St Patrick was born in the 4th century in Wales, which was then Roman Britain. But Irish pirates abducted him when he was 16 and forced him into slavery in Ireland, where he worked as a shepherd or goat herd. He escaped but later returned as a missionary, spreading the message of Christianity throughout the island. He used shamrocks, or three-leaf clovers, to explain the holy trinity – God, Jesus and the Holy Spirit.
Legend has it St Patrick chased snakes away from Ireland, but snakes are not native to Ireland. It’s possible ‘snakes’ were a metaphor for druids, educated upper-class people.
Despite early pictures showing the saint wearing blue, St Patrick’s Day is associated with green. The Irish flag is green, white and orange. Green symbolises Catholics, white symbolises peace and orange symbolises Protestants or unionists, who are loyal to Britain. The orange colour came from William of Orange (aka King William III), a Protestant who defeated the Roman Catholic King James II in 1690. But why wear green, not orange? It’s thought that green is most popular because it’s the colour of the three-leaf clover, or because of Ireland’s meadows – after all, its nickname is the Emerald isle.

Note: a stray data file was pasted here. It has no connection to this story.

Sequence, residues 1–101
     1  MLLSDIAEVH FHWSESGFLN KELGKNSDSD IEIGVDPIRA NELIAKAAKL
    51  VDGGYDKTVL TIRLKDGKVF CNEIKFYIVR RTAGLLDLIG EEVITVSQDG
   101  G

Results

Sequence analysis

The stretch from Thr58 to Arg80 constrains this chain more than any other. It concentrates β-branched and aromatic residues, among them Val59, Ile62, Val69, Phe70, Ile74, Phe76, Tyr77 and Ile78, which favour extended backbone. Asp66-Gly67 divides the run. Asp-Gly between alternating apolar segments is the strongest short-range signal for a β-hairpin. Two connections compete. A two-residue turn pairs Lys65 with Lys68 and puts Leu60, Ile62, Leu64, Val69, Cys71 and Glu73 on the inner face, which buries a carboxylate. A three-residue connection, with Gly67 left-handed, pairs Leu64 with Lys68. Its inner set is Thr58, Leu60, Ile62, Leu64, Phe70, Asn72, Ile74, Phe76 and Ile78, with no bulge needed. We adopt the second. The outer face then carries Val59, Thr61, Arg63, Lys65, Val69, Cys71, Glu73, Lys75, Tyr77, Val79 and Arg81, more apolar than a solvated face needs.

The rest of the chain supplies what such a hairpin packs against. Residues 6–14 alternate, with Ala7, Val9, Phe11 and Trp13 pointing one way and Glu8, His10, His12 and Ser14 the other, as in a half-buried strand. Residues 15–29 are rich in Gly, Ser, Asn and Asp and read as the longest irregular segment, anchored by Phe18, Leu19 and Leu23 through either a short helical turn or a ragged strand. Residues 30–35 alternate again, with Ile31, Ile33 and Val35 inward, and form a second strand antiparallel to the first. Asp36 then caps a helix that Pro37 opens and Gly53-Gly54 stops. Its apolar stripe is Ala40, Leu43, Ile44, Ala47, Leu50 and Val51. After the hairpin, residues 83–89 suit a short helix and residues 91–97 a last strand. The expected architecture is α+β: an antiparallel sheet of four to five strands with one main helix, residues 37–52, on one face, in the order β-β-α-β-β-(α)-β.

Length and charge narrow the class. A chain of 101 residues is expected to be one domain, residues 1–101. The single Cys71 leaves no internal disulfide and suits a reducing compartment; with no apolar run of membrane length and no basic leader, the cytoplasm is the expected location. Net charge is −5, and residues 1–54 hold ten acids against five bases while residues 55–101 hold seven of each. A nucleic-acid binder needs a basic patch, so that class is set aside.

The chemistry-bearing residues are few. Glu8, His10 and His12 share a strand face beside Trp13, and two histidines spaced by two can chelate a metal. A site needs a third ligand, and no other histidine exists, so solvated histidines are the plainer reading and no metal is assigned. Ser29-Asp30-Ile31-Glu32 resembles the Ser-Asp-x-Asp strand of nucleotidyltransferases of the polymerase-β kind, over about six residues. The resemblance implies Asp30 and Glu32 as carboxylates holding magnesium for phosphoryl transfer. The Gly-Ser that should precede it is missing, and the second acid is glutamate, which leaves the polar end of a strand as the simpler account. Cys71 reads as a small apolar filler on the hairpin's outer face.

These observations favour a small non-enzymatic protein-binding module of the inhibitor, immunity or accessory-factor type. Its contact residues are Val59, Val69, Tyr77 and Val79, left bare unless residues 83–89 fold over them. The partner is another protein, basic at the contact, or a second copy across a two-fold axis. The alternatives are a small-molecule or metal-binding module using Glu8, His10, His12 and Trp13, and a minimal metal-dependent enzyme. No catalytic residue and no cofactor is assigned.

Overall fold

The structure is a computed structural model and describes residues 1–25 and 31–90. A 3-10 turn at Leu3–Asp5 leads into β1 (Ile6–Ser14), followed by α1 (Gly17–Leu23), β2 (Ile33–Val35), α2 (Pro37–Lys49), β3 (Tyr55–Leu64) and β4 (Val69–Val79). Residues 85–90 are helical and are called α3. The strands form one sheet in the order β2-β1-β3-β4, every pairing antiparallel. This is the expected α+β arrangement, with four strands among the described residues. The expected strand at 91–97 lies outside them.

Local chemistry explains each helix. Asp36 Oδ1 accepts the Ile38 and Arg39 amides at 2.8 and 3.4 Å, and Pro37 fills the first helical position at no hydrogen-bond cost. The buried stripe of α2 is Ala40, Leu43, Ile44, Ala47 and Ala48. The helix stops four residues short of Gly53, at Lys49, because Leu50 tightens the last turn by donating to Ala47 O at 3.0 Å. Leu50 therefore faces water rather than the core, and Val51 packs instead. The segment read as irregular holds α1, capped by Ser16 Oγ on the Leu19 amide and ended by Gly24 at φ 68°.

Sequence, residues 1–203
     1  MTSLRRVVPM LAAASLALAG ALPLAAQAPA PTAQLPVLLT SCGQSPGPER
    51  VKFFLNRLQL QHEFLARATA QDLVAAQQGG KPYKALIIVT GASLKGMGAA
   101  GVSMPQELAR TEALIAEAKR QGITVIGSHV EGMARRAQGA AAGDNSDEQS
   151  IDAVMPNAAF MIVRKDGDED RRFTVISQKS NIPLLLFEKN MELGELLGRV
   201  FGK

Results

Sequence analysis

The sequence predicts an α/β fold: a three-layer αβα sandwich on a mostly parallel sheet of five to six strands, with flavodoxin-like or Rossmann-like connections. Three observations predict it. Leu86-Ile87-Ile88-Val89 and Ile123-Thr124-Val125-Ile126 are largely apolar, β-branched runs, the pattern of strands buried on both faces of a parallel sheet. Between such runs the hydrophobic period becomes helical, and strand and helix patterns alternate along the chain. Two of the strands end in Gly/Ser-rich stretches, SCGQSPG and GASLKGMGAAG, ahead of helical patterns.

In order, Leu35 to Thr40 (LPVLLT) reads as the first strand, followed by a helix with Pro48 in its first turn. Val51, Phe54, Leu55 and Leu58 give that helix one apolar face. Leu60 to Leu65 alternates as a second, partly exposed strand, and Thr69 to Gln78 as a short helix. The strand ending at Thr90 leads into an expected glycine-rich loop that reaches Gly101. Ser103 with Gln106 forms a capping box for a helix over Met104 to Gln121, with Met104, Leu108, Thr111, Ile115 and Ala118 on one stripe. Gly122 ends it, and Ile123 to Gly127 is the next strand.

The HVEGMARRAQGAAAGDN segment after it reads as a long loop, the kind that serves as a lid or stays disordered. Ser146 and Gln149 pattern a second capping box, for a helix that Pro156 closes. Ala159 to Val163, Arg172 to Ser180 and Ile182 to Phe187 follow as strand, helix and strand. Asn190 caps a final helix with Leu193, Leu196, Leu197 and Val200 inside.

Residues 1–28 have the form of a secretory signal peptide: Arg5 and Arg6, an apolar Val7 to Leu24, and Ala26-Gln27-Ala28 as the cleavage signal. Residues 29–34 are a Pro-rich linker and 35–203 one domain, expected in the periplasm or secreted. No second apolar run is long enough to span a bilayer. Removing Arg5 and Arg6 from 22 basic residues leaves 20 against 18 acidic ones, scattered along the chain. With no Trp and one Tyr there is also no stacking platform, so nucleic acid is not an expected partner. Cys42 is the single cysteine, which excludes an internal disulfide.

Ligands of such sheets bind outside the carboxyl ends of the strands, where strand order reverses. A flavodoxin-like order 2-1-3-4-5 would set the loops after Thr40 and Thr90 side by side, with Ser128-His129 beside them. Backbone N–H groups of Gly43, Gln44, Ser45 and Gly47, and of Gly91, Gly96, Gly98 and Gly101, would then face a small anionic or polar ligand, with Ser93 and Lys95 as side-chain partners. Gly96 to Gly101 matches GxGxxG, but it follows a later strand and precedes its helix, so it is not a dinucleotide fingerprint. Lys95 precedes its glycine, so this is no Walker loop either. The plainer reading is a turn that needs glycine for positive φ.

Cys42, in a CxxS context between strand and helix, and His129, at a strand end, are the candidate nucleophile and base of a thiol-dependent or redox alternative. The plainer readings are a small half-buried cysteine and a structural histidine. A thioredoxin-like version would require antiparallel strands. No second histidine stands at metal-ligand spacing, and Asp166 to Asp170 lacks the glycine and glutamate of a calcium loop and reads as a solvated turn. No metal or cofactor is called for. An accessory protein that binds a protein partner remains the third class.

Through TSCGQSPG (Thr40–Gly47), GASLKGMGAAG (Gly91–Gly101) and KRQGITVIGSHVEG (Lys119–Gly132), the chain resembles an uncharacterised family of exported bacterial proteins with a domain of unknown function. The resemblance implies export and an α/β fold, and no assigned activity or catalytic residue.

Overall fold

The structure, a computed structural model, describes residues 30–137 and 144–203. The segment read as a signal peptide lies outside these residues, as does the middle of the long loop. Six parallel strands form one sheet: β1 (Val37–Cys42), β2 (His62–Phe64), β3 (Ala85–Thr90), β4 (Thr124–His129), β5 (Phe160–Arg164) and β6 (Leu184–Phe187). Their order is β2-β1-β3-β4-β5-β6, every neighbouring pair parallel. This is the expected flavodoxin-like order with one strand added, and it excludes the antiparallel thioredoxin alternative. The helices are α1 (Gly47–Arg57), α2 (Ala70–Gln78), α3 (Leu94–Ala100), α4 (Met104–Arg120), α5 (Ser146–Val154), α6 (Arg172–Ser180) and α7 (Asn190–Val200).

St Patrick died on 17 March 461 AD, and traditionally saints are remembered on the day of their death. He is buried in the grounds of Down Cathedral in Downpatrick, Northern Ireland. Every St Patrick’s Day, a wreath is laid in the saint’s honour on top of the granite slab that marks his burial place.
Traditionally, the saint’s death was a holy day, but as fasting and restrictions on drinking alcohol during Lent were relaxed, it morphed into a festival. Today, it is marked around the world with ceilidh dances, parades, marching bands and feasts of beef, cabbage, soda bread and potato farl. Even landmarks join in the party, with the UK’s London Eye and Australia’s Sydney Opera House lighting up green and the Chicago river being dyed green.
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